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Apartments to fill Portobello High Street gap tooth

May 9 2022

Apartments to fill Portobello High Street gap tooth

Unassuming storefronts at 120-124 Portobello High Street are to be swept aside in favour of a four-storey apartment block under new plans by Block Nine Architects.

Standing alongside the Baronial style Portobello Police Station the existing site is to be cleared in favour of a car-free new build more in keeping with its context.

Delivering 11 apartments above two ground floor commercial units the build will employ a combination of natural sandstone, dark and buff brick, corten steel, render and zinc.

In their design statement Block Nine wrote: "While the floor levels to not align with the traditional high floor to floor heights of traditional buildings the proposals tie in through continuity of use of the same natural stone material to the front facade and similar window proportions and rhythm as the neighbouring building. Through this approach the two adjoining buildings have a similar language and create a natural flow to the streetscape of the high street."

Turning the corner into Ramsey Place angled windows will be employed to prevent overlooking of the police station.

 

A feature will be made out of angled windows to the side elevation through the use of perforated corten steel
A feature will be made out of angled windows to the side elevation through the use of perforated corten steel
A mix of two to four bedroom apartments are planned including a ground floor bike store
A mix of two to four bedroom apartments are planned including a ground floor bike store

8 Comments

KMCA
#1 Posted by KMCA on 10 May 2022 at 10:43 AM
I really like the articulation of the facade. Block Nine do some great stuff. Good people there.

But... that shop level ceiling height is an issue. The cost of squeezing three floors of apartments out of a space that should only allow two is that the commercial space below becomes unviable due to poor flexibility of fit-out. eg. No space for an AHU extract duct, nor a sub-ceiling than can easily delineate tenant liabilities. Quite likely its use will be restricted if appropriate sound separation can't be achieved due to the first floor depth allowed. It risks designing an empty shop unit because so many more flexible units are available.

Nevertheless, a welcome intensification and habitation of the high street.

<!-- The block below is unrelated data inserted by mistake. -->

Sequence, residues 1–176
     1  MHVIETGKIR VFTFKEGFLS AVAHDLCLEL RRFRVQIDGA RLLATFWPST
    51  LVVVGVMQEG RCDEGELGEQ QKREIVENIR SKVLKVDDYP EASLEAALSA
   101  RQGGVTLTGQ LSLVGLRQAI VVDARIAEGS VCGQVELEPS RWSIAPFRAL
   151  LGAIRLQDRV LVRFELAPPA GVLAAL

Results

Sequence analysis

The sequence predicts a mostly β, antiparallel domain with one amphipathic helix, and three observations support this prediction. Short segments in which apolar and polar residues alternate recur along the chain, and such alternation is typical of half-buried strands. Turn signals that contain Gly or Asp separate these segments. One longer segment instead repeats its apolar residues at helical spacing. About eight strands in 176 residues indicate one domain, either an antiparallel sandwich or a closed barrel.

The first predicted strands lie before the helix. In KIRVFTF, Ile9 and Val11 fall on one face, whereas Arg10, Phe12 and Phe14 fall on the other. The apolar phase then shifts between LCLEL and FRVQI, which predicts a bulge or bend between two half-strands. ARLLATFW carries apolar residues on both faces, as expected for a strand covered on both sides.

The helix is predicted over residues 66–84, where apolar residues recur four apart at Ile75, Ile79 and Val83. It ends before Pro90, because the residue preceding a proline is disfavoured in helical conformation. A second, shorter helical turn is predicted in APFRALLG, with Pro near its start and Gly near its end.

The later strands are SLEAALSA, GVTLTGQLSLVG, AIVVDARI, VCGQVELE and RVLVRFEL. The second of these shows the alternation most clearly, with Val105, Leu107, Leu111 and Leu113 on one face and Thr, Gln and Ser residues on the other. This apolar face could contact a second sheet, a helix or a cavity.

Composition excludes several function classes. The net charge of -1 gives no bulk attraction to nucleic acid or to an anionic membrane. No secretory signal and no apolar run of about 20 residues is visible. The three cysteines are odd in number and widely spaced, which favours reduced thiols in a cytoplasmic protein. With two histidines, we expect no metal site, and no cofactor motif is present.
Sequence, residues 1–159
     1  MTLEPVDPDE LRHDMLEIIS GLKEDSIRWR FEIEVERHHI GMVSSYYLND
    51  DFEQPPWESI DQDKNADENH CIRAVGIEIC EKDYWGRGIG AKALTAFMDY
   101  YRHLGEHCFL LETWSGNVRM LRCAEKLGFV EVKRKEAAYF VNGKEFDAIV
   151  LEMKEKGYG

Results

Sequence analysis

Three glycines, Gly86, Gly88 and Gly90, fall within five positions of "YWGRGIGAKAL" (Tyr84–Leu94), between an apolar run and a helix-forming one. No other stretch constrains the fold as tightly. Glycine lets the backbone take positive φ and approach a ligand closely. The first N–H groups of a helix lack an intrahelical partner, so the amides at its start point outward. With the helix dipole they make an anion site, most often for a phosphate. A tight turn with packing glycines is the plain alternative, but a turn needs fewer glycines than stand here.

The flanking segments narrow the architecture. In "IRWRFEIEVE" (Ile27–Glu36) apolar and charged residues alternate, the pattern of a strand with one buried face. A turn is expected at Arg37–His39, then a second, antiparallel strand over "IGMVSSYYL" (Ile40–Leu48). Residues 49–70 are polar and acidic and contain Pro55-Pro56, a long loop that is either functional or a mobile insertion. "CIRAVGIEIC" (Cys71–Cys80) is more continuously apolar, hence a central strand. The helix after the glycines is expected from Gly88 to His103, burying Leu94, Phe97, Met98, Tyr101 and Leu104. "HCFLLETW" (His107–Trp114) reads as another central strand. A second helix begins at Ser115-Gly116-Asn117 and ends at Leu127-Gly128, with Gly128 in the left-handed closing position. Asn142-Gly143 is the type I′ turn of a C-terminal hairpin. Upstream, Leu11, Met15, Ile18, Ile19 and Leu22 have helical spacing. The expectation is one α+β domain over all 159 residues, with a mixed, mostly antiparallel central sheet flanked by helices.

nice drawings but
#2 Posted by nice drawings but on 10 May 2022 at 12:57 PM
Could the facade design be simplified and resolved please. Not too sure if the site justifies a corner condition.
Philip
#3 Posted by Philip on 10 May 2022 at 14:42 PM
I find this unnecessarily over fussy with so, so many materials and junctions. I've never understood the floaty mansard plane aesthetic!?.. The mansard is quite disappointing too. Apart from that, its great.
Ben
#4 Posted by Ben on 10 May 2022 at 20:47 PM
Bit of a dog's breakfast, much like many of the new developments in Edinburgh. Too many materials and volumes, the execution of the roof is really poor and how about limiting the window design to one or two typologies to have some uniformity? Overall pretty poor.
Wee Chantelle
#5 Posted by Wee Chantelle on 11 May 2022 at 13:38 PM
@#2 - Errr - it's in on a corner???
This is a bold contemporary interpretation of the High Street tenament it adjoins. Good response to the gap site and does well not to compete with Bryce's police station next door
Huge improvement on the 2 units that are there now.
Cue the outcry from the Porty locals that these 2 shops are part of the town's history.
I doubt CEC will have the guts to see it through tho.
Big chantelles maw
#6 Posted by Big chantelles maw on 11 May 2022 at 15:49 PM
The proposed symmetrical corner treatment gives equal weight to the main Street as it does to the lane. I don't think that is justified. Away an raffle yersel.
Wee Chantelle
#7 Posted by Wee Chantelle on 11 May 2022 at 20:34 PM
@#6 (& presumably #4) - Errr, it's not symmetrical? Have you not got tea to be making?
Big Chantelles maw
#8 Posted by Big Chantelles maw on 12 May 2022 at 08:08 AM
Suggested reading: Eye and brain by RL Gregory.. Perception is primarily dependent on viewpoint. The difference between the two images makes this very point. Perception is a good deal more nuanced than the actual geometry.
In any case, I suspect the corner exists not for contextual reasons but used as an artifice to express the two masonry walls as floating planes. Oh! They are not actually floating? Is that white 'pole' on the corner really holding something up? And so on and so on and it all begins to unravel. Maybe that's what you mean by the clich├ęd 'bold contemporary'
Nice render though reminds me of a Georgio Grassi drawing.

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